Thomas Aquinas, one of the main philosophers of the Catholic Church, defined mortal sins as “something said, done or desired contrary to the eternal law, or a thought, word, or deed contrary to the eternal law.” The Catholic Encyclopedia online further clarifies that as “an aversion from God” caused by a “preference given to a mutable good.”
Over the next few weeks, I’ll be dealing with the seven deadly sins, and their applications in the modern world by those who give lip service to being Christian, and those who declare that sin doesn’t exist.
The seven deadly, or serious, sins are wrath, greed, envy, sloth, lust, gluttony, and pride. This week’s sin I plan to discuss is Wrath.
What is wrath? Anger, yes, but is it a sin? The Bible, in whatever edition you choose to read it, details the wrath of God falling upon those who sin against him. Read that way, no, not all anger is a sin. What makes wrath one of the deadly sins, if not all anger is sinful? Once again, we’ll turn to the Catholic Encyclopedia for the answer:
“…if one desire the taking of vengeance in any way whatever contrary to the order of reason, for instance if he desire the punishment of one who has not deserved it, or beyond his deserts, or again contrary to the order prescribed by law, or not for the due end, namely the maintaining of justice and the correction of defaults, then the desire of anger will be sinful, and this is called sinful anger.
Secondly, the order of reason in regard to anger may be considered in relation to the mode of being angry, namely that the movement of anger should not be immoderately fierce…”
In other words, if the person is irrationally angry, and takes vengeance upon those who do not deserve it in ways that are illegal (and, indeed, because the individual willfully refuses to see truth in the matter, and willfully refuses to consider the law of the land sufficient or even as having jurisdiction over the matter), he or she is committing a mortal sin.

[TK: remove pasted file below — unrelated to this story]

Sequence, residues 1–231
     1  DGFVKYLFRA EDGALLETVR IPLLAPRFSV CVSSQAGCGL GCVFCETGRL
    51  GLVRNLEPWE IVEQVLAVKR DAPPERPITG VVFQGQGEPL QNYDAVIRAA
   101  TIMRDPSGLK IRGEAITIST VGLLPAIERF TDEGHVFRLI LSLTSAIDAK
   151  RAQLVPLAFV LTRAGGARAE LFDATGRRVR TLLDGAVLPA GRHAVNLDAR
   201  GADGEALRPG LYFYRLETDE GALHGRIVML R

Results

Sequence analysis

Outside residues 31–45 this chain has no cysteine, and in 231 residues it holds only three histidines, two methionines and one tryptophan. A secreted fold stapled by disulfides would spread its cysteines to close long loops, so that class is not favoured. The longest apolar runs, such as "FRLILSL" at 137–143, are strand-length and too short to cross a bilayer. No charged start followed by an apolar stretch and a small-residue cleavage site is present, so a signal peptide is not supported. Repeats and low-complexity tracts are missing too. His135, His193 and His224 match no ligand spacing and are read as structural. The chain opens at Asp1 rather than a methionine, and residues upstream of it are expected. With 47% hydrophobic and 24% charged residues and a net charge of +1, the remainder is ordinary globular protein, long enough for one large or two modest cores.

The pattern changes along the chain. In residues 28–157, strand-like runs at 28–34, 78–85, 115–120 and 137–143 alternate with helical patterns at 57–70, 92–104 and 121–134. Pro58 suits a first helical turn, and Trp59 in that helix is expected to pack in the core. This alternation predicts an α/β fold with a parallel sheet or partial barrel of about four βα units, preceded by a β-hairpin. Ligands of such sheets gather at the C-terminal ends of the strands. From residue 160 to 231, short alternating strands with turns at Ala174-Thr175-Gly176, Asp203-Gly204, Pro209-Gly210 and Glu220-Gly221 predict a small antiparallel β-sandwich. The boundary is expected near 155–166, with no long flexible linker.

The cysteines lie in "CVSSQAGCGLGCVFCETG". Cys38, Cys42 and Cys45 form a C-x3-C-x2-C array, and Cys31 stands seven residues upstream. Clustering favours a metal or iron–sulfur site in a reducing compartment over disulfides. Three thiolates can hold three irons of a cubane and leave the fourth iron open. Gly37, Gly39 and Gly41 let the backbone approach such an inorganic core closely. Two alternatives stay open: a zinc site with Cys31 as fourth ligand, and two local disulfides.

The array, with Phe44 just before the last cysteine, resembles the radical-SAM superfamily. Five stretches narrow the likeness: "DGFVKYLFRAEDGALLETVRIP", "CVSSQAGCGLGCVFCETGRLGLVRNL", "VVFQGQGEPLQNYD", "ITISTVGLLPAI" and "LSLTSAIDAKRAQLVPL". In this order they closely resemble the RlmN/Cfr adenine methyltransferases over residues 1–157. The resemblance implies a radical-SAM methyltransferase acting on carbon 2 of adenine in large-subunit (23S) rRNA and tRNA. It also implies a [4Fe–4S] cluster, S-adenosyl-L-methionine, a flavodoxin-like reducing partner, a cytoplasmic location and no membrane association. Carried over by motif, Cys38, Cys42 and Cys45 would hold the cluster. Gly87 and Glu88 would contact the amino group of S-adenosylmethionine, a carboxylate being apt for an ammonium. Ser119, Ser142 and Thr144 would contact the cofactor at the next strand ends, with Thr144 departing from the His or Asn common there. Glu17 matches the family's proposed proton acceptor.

The current actions of the gay activist movement in California is sliding from justifiable and commendable anger over a perceived inequality of treatment into the mortal sin of intemperate wrath. How did I get there? “Ye shall know them by their fruits.”
What have they done? They’ve vandalized churches, beat up little old ladies, sent hoax anthrax to Mormon temples. They’ve protested loudly and violently, blocking members of the media from interviewing the victims of their violence. They’re demonstrating the hollow nature of their professed dedication to multiculturalism through racist epithets thrown at the 70% of the African-Americans who were Proposition 8 supporters and their complete lack of respect toward all who do not share their opinions.
I will fully admit that wrath is the mortal sin I’m most prone to. It’s hard to fight it—not impossible, just difficult. The difficulty lies in fighting off the lower parts of your own nature. However difficult that fight is, though, it’s worth the struggle. It’s the fight to be better than your nature that separates human from animal.
Some people don’t bother. Some people let their own worse natures dictate their behavior. When that worse nature steps between them and whatever face of God they follow, that’s when righteous anger turns to the deadly sin of wrath.